MIAMI -- The Marlins came home, but they left their bats on the road.
Miami mustered only three hits behind a solid outing from starter Tom Koehler in a 3-1 loss to Tampa Bay on Wednesday night in front of 16,671 at Marlins Park.
The loss was Miami's season-worst eighth in a row.
Still seeking his first big league win, Koehler notched his third straight quality start, allowing three runs on seven hits in a career-high eight innings.
"It's nice," Koehler said. "It shows that they have confidence in me to go out there and face that lineup for the start of a fourth time. It's tough to sit here and say I'm happy, because I'm not. I'm not happy with giving up two runs in the first inning and putting the team in a hole. I'm happy I was able to go eight strong and keep them in the game. But at the same time, I'm frustrated with myself, putting them in a hole early."
The right-hander settled down after allowing three straight hits to start the game, giving up only one run on four hits in his final seven innings.
Marlins manager Mike Redmond praised Koehler's maturity in handling early adversity.
"He was able to go to his breaking ball and his changeup quicker than probably he wanted to, but it was effective and it worked for him," Redmond said. "After he started mixing in some curveballs and that changeup, he really settled in and pretty much breezed through the rest of that game."
Koehler added: "I have to do a better job of mixing my pitches from the get-go, especially to guys who we know are fastball hitters."
Koehler's early troubles proved costly in his third loss, as Rays starter Roberto Hernandez delivered a season-best performance.
Hernandez won the pitchers' duel, giving up one unearned run on three hits, with no walks and five strikeouts in 8 2/3 innings. He retired 15 of the final 16 batters he faced.
The Tampa Bay righty used his sinker ball to great affect, recording 12 ground ball outs.
"We got a lot of quick outs," Redmond said. "We weren't able to work counts on him. He threw a lot of strikes, and we were aggressive in the strike zone. We just weren't able to get hits."
Added second baseman Derek Dietrich: "He had a lot of movement on his sinker tonight. We hit the ball hard a few times, and they made plays. We've got to keep grinding. He pitched a good game for them. We had a couple of opportunities. Unfortunately, we didn't put enough across to win tonight."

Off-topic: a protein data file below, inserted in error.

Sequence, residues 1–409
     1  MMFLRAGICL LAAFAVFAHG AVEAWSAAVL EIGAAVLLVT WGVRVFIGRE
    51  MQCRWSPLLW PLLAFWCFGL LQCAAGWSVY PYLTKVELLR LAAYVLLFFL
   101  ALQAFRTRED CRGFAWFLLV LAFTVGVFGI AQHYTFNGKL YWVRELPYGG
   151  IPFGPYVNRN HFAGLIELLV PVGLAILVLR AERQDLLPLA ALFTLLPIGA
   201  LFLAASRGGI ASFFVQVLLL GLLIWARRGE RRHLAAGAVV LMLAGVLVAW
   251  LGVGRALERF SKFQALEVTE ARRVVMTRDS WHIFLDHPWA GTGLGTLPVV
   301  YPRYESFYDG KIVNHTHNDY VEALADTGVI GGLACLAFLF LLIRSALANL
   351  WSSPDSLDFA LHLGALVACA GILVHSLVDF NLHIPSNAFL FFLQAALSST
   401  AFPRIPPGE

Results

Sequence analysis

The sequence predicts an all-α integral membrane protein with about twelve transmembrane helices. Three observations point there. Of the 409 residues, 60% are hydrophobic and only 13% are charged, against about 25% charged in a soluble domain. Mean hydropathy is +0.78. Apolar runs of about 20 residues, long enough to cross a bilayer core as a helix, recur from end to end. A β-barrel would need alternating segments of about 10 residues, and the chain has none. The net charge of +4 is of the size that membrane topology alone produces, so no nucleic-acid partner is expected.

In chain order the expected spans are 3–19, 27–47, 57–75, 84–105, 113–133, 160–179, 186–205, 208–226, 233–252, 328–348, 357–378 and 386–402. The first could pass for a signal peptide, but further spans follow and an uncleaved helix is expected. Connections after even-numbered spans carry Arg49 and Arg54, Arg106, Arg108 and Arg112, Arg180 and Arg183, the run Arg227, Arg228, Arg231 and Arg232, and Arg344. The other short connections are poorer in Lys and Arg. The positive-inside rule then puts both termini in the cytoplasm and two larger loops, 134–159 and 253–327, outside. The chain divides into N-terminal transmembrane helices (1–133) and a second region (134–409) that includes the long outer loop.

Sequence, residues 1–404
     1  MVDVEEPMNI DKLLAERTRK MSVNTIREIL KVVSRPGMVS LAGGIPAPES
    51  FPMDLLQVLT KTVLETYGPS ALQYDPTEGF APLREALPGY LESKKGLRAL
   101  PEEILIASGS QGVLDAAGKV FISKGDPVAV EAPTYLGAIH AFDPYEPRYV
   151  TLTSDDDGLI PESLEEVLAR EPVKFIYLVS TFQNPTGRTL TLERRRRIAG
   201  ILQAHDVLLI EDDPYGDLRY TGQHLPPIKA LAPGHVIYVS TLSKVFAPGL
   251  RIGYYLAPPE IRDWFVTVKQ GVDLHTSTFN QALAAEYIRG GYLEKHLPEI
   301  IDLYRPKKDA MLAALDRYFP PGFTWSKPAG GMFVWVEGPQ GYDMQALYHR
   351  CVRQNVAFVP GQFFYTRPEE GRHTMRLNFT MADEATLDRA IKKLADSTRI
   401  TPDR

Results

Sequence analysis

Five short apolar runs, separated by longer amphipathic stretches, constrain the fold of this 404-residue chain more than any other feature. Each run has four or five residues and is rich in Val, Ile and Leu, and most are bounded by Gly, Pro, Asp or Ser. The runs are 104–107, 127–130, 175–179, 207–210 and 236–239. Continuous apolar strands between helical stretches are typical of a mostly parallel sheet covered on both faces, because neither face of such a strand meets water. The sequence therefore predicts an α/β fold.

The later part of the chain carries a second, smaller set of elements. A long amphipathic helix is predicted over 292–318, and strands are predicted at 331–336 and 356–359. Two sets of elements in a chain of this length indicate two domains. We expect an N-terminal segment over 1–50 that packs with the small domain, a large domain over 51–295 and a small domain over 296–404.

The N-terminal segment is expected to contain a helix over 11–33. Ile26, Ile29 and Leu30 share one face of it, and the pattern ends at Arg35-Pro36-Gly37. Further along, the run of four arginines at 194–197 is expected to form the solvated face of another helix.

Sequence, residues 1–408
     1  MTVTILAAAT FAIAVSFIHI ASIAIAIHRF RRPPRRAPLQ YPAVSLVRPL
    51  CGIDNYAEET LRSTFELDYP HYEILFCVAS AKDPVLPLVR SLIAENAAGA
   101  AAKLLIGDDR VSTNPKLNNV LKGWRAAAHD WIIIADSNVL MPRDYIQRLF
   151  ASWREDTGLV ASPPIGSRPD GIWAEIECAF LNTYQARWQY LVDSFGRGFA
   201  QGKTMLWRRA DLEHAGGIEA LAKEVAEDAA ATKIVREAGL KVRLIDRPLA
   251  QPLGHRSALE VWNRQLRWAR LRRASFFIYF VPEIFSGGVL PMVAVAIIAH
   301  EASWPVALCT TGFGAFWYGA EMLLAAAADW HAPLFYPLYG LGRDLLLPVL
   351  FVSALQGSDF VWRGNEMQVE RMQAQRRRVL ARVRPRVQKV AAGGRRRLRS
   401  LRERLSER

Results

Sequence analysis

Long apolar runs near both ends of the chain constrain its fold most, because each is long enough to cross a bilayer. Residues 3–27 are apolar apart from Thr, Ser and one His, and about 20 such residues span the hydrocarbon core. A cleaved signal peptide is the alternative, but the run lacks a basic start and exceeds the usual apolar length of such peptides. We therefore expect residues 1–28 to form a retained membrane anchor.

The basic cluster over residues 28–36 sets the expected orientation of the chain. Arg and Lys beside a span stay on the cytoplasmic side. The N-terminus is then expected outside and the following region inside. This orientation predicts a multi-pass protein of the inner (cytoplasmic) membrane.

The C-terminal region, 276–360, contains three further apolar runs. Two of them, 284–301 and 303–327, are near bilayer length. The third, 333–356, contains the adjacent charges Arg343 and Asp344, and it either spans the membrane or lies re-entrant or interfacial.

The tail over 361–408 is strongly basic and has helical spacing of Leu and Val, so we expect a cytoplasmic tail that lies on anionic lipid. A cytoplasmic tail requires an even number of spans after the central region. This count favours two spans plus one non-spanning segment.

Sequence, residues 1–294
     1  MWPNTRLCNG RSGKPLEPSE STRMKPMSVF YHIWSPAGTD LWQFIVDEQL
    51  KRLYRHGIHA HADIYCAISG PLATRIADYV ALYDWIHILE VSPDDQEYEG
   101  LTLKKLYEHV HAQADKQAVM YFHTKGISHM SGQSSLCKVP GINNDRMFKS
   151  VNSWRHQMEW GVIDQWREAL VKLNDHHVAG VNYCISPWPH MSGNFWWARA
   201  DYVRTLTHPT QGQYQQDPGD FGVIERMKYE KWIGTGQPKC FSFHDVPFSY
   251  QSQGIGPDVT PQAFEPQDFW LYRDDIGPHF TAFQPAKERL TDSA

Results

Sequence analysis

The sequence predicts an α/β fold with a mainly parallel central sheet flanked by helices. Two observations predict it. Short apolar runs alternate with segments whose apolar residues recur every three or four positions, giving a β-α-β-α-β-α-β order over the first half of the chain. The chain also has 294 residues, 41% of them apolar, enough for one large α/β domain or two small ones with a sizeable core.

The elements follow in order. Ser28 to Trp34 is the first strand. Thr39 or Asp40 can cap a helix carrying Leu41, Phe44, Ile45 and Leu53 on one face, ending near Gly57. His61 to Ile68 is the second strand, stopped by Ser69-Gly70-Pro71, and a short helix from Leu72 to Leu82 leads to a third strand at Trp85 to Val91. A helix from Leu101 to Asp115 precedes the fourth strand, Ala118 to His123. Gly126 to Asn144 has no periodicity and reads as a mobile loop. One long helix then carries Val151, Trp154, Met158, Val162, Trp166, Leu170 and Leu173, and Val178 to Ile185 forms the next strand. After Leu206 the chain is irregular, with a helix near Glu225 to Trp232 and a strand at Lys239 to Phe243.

Although Miami had a tough night at the plate, one of its three hits marked an offensive milestone.
Marcell Ozuna extended his hitting streak to 14 games with an infield single in the fourth. The hit added on to what was already the longest active streak in the Majors and tied the right fielder for the third best streak by a Marlins rookie.
Edgar Renteria boasts the franchise rookie record, stringing together a 22-game streak in 1996.
Chris Coghlan also continued his recent tear, extending his hitting streak to five with a leadoff double in the first. Coghlan swung at the second pitch he saw, rounded first base without hesitation and slid into second just ahead of the tag.
One pitch later, Coghlan tagged up and headed to third on Placido Polanco's fly out to right. Matt Joyce's throw bounced past Evan Longoria and into the Miami dugout, allowing Coghlan to cut Tampa Bay's lead to 2-1.
Coghlan's night at the plate was better than his 1-for-4 line indicated, Redmond said.
"I think every at-bat he had today, he hit the ball on the screws," the manager said.
Ozuna was the only other Marlins player to reach scoring position, as he stole second after reaching base on an infield single in the fourth.
The Marlins' tough night comes on the heels of two consecutive six-run showings against the Rays on Monday and Tuesday at Tropicana Field.
Despite Wednesday night's three-hit showing, Miami's recent offensive surge has given Dietrich confidence moving forward.
"We hit some balls hard today. We really did," Dietrich said. "We're starting to click. This lineup is starting to score runs. Today we didn't score as many as the last couple of nights, but we're putting good at-bats together, and we're hitting throughout the lineup.
"I think we're going to keep grinding it out, keep getting runners on and putting more runs across than we have been."
Joe Morgan is an associate reporter for MLB.com. This story was not subject to the approval of Major League Baseball or its clubs.